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Uruzgan education sector in deep trouble



Uruzgan education sector in deep trouble

May 24, 2014 - 16:18

TIRINKOT (Pajhwok): As many as 67 schools have been closed due to escalating insecurity and other problems in central Uruzgan province, plunging the educationinfo-icon sector in deep trouble, residents and officials said on Saturday.

In an interview with Pajhwok Afghan News, Education Director Ihsanullah Nashir confirmed the closure of 67 schools due to security concerns, lack of buildings and the absence of students.

“These schools are located in far-off areas of the province, but we are in talks with tribal elders to reopen the schools.”

According to Nashir, the problem of professional teachers’ shortage has partially been resolved by recruiting high school graduates as teachers under a transparent process.

He said donor agencies had unnecessarily established 20 schools in Tirinkot, 17 in Chinartu district and 30 in other districts.

Haji Abdul Salam, a resident of the Chinartu district, said: “Students are unwilling to go to schools in the absence of textbooks and teachers.”

None of the eight education directors appointed and replaced over the past eight years had been able to bolster the education sector, he said.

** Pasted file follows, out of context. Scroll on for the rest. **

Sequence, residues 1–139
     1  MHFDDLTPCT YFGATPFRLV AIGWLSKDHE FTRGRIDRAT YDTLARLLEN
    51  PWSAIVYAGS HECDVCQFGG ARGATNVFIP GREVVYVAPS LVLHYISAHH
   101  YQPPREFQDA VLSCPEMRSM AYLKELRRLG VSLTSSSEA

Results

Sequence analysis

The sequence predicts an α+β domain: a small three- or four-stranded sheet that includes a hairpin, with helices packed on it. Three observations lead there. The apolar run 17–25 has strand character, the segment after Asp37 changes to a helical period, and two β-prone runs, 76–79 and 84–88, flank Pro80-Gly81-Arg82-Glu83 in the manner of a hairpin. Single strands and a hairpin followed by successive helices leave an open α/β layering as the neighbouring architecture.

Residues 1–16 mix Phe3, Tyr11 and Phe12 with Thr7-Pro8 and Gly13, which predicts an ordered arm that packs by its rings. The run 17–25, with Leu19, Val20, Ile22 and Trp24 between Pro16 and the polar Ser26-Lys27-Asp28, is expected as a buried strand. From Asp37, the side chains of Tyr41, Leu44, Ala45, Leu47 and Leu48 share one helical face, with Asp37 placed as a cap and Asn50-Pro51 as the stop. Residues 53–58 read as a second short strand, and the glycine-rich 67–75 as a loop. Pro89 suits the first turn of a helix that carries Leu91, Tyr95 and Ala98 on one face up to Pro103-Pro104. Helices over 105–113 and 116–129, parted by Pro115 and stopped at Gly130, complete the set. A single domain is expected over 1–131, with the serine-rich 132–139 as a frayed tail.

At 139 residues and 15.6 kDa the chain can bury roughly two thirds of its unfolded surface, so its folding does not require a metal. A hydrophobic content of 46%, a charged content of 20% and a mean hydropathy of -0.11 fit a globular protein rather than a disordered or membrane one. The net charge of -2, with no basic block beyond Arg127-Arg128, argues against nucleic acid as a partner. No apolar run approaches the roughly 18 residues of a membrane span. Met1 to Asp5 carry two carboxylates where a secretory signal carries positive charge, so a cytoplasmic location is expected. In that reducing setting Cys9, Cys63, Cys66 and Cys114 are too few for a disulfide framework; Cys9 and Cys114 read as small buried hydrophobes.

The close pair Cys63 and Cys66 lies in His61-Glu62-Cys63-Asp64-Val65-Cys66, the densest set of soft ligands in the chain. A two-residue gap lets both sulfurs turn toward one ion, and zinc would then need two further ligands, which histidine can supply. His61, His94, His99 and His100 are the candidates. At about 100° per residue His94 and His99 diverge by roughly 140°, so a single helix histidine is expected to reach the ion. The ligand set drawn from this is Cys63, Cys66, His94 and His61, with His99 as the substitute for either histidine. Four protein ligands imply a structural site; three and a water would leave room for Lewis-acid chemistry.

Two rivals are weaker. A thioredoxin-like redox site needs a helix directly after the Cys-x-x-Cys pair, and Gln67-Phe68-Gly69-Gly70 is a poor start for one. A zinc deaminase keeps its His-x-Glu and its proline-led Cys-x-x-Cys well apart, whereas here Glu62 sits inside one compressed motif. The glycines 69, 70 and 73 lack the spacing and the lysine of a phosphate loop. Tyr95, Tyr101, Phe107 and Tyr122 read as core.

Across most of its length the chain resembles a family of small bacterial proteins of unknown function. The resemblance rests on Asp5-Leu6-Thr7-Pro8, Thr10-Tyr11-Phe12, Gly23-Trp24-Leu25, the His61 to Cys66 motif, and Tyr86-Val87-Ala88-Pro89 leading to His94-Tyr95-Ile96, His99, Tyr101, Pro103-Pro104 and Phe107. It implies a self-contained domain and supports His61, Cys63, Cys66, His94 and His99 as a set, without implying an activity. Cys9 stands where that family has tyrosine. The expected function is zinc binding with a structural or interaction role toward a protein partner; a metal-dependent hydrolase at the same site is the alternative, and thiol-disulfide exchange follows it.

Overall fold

Another tribal elder, Ahmad Shah, said in some parts many families sent their children to religious seminaries instead of school.

A resident of Tirinkot City, Abdul Khalil, said schools in the provincial capital faced a lot of problems, believing the situation in districts would be more appalling.

“Many schools lack professional teachers, textbooks and have a low quality education system.”

Abdul Qahar, a resident of Khas Uruzgan district, said most teachers had not even passed 12th grade. 

Governor Amanullah Timori acknowledged the education process in his province was extremely deplorable.

He warned of launching a storm of protests if the central administration did not pay attention.

 “After I shared education related problems with the minister concerned, he promised to send a delegation to Uruzgan in near future to assess the situation. We will protest if the delegation did not come.”

According to the governor, the education system in Uruzgan needed drastic reforms. He feared new generations would be left illiterate if they remained silent over the education problems.

Education Ministry Spokesman Kabir Haqmal, confirming the problems in Uruzgan, said local authorities, especially the governor, should concentrate more on reopening closed schools.

He believed the governor and local authorities could play vital role in reopening closed schools in cooperation with elders.

Haqmal said 25 schools would be reopened in southern Zabul province in near future, a process that had already been launched in some other southern provinces.

He said 50,000 schoolteachers were needed to be hired countrywide, but budget shortages had been a problem.  

 “We have textbooks, but are unable to transport them to provinces. USAIDinfo-icon has taken responsibility for printing and transporting textbooks to provinces and the agency is to launch the process.”

Local authorities say 78,000 students in Uruzgan are currently studying in 243 schools, with 70 of them still under construction.



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